Cats have a lot of strange behaviors that their owners struggle to understand. One of them is being afraid of cucumbers. Videos have made the rounds of cat owners secretly placing a cucumber behind their unsuspecting cat in order to see the cat’s reaction once it notices it. Usually, the cat leaps in terror at the sight of the cucumber. But why does this happen? Read on to learn more about what makes cats afraid of cucumbers.
Cucumbers Resemble Snakes
One of the simplest explanations as to why cats are afraid of cucumbers is that it’s not the cucumber itself that cats are afraid of, but the fact that at first glance it looks like a snake to them—which is a lot more dangerous than a cucumber. The cat leaps away from the cucumber out of fear that it’s a snake in order to protect itself from getting bitten or attacked.
Do Snakes Really Attack Cats?
Yes, snakes sometimes attack cats. It depends on the location but cats can sometimes come in contact with snakes and run the risk of being attacked. It also depends on the size of the snake as well, as a larger snake, like a python, is more likely to attack a cat than a smaller one. Although cats are not the normal prey for a snake, snakes are known to be opportunistic eaters and will attempt to eat a small cat if it is larger than it.
Even smaller snakes can bite your cat and in some cases, if the snake is venomous, this could do a lot of harm to a cat, or even kill it. Cats have a natural instance to jump away from immediate danger, just like we do when we spot something unexpected. It is an automatic response that helps keep the cat safe if it were in fact sitting right next to a dangerous snake.
The Random Appearance of an Object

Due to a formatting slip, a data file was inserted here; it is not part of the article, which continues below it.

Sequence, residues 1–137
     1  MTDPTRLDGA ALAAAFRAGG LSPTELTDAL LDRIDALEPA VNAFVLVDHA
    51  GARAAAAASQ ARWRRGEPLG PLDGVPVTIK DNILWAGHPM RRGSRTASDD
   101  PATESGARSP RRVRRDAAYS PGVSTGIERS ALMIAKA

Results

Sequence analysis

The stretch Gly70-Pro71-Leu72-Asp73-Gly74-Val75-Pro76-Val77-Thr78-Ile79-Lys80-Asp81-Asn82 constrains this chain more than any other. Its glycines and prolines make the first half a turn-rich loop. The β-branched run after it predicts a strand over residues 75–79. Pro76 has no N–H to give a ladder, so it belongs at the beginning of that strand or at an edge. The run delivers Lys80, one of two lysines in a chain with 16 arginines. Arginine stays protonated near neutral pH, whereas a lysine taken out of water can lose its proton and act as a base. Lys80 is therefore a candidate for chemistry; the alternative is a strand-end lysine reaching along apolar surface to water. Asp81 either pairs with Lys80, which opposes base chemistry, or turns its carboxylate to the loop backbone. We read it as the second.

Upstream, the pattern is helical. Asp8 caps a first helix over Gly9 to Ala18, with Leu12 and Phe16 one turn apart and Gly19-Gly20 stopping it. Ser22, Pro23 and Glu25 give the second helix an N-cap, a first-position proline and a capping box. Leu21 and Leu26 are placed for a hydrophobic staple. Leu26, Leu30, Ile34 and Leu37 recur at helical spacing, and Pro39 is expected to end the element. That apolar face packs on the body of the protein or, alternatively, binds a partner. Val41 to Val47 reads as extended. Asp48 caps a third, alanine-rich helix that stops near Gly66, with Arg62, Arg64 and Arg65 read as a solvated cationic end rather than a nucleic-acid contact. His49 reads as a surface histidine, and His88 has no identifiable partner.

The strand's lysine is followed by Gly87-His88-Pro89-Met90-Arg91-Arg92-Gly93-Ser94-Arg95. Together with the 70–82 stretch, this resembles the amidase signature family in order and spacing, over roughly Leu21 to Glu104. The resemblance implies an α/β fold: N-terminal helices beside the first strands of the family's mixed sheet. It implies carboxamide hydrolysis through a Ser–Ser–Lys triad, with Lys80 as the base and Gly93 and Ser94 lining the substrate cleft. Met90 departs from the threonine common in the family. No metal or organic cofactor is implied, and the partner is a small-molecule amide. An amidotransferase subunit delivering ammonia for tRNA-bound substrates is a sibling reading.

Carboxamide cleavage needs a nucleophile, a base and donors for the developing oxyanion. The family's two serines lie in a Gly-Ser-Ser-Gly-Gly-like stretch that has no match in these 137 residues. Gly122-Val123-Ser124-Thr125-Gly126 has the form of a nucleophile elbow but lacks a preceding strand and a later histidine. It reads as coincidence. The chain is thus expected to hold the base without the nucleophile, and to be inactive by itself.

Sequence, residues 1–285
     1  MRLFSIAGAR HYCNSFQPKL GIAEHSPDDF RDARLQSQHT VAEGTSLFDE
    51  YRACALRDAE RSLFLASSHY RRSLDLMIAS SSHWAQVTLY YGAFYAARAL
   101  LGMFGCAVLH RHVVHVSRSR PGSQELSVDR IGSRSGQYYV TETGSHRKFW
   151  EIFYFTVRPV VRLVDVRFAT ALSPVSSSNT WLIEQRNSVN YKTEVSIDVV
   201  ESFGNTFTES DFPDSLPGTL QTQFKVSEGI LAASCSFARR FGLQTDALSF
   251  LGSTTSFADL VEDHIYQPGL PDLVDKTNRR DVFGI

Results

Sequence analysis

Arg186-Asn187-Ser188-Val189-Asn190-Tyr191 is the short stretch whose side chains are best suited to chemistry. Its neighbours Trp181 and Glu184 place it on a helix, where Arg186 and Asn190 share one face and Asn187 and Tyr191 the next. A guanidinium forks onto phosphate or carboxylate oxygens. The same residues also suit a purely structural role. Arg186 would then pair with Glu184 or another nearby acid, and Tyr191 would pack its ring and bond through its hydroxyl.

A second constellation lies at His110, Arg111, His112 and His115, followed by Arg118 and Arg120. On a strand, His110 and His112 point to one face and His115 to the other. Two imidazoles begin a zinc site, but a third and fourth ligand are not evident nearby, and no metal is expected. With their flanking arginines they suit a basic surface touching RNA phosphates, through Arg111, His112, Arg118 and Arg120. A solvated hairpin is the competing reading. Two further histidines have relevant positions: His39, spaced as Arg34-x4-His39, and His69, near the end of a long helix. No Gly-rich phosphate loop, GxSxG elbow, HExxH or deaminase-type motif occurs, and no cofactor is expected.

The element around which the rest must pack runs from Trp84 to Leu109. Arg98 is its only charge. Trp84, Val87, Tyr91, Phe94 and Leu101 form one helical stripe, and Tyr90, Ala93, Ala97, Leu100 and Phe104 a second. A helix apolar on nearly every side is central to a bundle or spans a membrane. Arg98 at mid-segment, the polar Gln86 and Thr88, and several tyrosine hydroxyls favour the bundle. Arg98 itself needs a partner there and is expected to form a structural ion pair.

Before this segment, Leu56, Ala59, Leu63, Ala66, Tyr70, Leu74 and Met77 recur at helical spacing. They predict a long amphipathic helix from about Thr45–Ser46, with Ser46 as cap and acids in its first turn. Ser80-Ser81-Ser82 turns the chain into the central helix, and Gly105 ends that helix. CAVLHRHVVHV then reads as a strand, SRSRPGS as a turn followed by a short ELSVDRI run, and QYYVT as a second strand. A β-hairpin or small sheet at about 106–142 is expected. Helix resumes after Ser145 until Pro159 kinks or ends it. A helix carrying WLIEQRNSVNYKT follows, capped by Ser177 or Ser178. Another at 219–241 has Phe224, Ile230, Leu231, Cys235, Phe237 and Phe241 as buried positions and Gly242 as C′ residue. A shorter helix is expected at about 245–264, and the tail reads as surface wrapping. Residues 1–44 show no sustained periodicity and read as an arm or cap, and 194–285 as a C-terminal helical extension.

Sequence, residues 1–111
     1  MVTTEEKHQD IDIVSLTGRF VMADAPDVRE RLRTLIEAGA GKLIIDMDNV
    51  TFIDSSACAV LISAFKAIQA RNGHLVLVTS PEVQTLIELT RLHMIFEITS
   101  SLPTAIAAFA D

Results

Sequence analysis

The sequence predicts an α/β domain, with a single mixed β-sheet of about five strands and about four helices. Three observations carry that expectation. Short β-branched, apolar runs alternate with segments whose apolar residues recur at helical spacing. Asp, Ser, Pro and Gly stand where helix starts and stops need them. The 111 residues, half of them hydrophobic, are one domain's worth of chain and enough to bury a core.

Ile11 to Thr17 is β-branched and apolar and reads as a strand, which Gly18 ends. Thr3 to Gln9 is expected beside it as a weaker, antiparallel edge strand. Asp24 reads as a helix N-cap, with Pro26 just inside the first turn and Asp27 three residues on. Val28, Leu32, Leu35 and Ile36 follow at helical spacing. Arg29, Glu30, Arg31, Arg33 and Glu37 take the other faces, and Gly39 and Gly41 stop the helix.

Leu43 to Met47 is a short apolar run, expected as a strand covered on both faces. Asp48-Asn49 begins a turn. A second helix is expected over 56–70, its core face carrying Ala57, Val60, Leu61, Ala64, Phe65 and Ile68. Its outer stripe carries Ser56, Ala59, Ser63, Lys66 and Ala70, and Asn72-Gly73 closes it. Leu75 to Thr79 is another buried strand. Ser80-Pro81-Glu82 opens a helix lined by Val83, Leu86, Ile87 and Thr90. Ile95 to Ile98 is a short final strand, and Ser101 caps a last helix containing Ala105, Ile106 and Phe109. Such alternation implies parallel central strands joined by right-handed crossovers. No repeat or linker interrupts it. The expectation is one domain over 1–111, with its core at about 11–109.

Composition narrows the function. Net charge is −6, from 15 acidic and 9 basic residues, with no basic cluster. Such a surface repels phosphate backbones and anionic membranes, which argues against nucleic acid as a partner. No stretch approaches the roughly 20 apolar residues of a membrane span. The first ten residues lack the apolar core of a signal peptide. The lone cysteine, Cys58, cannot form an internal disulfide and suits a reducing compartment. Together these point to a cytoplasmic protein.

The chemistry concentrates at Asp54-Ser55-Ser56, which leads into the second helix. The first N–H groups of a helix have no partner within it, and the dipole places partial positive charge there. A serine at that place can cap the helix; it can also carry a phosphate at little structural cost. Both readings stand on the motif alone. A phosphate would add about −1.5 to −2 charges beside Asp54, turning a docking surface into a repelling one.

As many people know, cats are very observant creatures. They tend to watch and make note of everything in their surroundings, so when something pops up by surprise that wasn’t there just a moment ago, it can give a cat quite the fright. This could be another one of the reasons why cats are so terrified when they turn around to find a cucumber laying next to them.
Why You Shouldn’t Try to Scare Your Cat With a Cucumber
Aside from simply being mean, there are other reasons why you shouldn’t attempt to scare your cat with a cucumber. One of the main reasons why you shouldn’t is because it’s actually bad for their health (the fright, not the cucumber). Unlike when people play pranks on one another, in which the person that was pranked realizes it was all a joke and understands what happened, cats don’t come to the same realization.
When an owner pranks a cat with a cucumber, the cat may never fully understand what or why that happened. It may see that it isn’t in any danger as it thought, but that doesn’t mean that it understands what actually happened. This highly stressful event, combined with the confusion afterward, can lead a cat to develop anxiety and fear, which it might not have had an issue with before. Or it could worsen anxiety and fear that it was already struggling with.
Dealing With Anxiety in Cats
Cats can struggle with anxiety just like people can. But the problem is that they aren’t able to go seek out help on their own. This is where its important for a pet owner to be able to recognize the signs of fear and anxiety in cats so that we can get them the help that they need.
If you feel like your cat has anxiety, the first thing you should do is get your cat to the vet so that it can be checked for any underlying health issues. Sometimes people don’t realize that having an undiagnosed health issue can be a source of anxiety and stress. If your cat shows signs that it is experiencing these things, a trip to the vet should be in order.
Your vet will be able to let you know if your cat is suffering from any health-related issues, and if so, get your cat on the medication or treatment that it needs to overcome or manage it. Sometimes once the health issue is addressed, a cat’s anxiety is automatically reduced, since it’s no longer dealing with the debilitating or uncomfortable issues it was before that caused the anxiety in the first place.